WST - “Do you think the steelband community and its musicians are regarded/respected in Antigua & Barbuda?”

Maurisha P. - “Honestly, from my years of experience, we do not receive the amount of respect we deserve. We work very hard, from building/tuning pans to arranging and long hours of practice. Sometimes we face a lot of unnecessary challenges but I am hopeful that things will change in the future.”


WST - “Is there any social stigmatization for pan players in Antigua & Barbuda, and for women in particular?”

Maurisha P. - “When I first began playing steel pan, social stigmatization was evident. I’ve had individuals, more so men, questioning me about my involvement in the art form. In Antigua, you would always hear a male’s name being called as an arranger or soloist - but that is about to change very soon as more young women are studying music here and abroad.”


WST - “Is there anything that causes you concern/disappoints you about the steelpan movement?”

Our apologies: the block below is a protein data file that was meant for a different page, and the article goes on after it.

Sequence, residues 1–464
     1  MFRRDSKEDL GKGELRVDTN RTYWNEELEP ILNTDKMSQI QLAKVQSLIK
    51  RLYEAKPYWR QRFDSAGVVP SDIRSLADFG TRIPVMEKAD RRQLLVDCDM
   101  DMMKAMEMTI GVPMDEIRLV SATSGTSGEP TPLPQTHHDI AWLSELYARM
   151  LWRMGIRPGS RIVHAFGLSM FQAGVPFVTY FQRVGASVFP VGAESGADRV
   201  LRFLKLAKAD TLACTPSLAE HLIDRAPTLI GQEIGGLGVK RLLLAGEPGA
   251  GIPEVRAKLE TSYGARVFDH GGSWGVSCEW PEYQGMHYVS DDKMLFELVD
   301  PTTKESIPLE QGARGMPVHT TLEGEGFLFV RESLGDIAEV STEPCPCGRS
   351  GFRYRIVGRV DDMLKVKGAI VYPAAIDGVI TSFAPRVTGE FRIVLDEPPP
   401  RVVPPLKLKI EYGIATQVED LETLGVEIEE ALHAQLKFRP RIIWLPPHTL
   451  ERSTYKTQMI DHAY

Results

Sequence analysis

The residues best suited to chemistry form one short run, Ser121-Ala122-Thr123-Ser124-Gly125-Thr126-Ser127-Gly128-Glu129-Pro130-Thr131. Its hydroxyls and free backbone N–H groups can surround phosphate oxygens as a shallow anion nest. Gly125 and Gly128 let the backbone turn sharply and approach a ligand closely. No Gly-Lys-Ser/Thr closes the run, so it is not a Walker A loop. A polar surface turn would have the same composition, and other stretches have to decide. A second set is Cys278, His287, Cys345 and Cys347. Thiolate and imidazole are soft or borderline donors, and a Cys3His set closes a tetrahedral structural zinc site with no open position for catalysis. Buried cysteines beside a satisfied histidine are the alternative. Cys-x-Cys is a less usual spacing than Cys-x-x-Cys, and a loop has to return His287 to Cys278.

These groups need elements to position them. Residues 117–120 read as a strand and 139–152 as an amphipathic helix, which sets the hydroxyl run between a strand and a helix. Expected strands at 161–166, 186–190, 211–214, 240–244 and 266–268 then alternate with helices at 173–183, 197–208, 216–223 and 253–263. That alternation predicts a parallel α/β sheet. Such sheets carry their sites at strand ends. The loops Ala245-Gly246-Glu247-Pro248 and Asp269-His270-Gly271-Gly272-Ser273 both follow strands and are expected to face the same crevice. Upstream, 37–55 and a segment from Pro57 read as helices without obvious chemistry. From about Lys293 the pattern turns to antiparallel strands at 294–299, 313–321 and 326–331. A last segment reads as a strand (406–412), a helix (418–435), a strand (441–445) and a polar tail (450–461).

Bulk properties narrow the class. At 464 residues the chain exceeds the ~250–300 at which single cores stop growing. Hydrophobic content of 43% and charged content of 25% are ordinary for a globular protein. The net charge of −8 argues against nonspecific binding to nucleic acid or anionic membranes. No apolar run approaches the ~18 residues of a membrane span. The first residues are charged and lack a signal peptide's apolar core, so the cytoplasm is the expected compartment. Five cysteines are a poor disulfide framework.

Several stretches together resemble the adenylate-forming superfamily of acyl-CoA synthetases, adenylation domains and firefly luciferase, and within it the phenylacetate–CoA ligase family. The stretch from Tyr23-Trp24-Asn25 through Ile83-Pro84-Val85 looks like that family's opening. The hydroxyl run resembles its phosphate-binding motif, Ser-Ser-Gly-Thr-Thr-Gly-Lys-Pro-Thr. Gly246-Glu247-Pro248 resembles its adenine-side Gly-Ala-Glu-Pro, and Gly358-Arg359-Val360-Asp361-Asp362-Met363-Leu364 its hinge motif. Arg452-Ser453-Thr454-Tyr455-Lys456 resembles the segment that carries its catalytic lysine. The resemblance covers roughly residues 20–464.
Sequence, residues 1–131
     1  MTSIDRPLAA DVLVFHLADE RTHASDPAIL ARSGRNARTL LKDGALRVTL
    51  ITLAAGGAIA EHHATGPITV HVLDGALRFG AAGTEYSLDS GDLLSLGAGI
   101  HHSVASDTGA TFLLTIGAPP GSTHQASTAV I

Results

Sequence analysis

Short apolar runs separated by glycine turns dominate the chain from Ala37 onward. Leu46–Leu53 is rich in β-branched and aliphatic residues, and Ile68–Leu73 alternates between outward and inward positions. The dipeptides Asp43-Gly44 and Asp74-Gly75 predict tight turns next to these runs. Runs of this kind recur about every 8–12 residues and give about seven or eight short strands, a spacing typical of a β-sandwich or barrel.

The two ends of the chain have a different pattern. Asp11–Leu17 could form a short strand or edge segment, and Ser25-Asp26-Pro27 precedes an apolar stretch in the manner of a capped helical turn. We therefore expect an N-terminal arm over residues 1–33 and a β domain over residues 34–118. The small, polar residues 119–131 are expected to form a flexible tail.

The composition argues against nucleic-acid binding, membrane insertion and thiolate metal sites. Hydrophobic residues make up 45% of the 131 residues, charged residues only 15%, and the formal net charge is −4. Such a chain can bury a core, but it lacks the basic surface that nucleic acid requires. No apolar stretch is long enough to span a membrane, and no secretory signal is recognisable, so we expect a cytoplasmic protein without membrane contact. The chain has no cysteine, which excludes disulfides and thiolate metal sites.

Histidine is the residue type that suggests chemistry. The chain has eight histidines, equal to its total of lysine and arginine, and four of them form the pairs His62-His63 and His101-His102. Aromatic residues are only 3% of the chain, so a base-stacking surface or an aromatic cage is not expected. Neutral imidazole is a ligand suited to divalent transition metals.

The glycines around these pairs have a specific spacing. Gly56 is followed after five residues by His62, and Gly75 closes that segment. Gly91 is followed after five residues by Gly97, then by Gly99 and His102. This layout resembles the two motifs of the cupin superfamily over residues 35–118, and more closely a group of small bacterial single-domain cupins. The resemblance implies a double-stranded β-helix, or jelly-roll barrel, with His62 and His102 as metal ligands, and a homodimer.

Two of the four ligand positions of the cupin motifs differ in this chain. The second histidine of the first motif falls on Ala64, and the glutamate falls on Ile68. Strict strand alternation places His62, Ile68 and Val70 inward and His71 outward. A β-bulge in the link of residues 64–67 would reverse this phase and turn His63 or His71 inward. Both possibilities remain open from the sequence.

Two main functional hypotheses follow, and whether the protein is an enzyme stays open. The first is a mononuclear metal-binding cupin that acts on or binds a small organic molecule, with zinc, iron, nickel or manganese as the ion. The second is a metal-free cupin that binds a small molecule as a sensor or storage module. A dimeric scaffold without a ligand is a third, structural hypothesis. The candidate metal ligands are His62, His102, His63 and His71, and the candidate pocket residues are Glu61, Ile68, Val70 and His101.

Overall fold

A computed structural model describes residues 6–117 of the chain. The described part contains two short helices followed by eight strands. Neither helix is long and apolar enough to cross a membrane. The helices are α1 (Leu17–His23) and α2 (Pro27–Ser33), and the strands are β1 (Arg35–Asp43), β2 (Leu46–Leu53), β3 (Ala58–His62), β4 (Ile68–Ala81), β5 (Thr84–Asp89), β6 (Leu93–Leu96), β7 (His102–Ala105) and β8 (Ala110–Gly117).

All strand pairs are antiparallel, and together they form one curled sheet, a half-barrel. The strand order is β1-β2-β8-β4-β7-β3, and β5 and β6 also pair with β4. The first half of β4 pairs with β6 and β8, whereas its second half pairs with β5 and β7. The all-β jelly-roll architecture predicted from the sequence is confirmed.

Maurisha Potter
Maurisha Potter

Maurisha P. - “I wish that the Government would realize the importance of advancing and preserving our culture and invest more in the art form. We are doing better than we did in the past but in my opinion, we are not at the level that we ought to be as yet.”


WST - “What have you been most proud about as it relates to Pan?”

Maurisha P. - “I have been and still am very proud of the number of young persons here (as young as 5 years old) who have taken an interest in the art form. Let me add that they display a lot of potential. It is important that we continue to mold the future.”


WST - “If there was one thing Pan you could change immediately, especially in (but not limited to) Antigua & Barbuda - what would that be?”

Maurisha P. - “The instrument is beautiful, no doubt about it but one thing that needs to be changed immediately is our mentality as pan musicians. If we join together with positive mindsets, we’d be surprised at how many obstacles we can overcome. It begins with us to make a change.”


WST - “Where would you like to see the art form, a decade from now?”

Maurisha P. - “A decade from now, I’d like to see the art form at a higher level. More programmes and facilities are needed to be put in place, especially for future aspiring musicians because education is vitally important in order for us to advance.”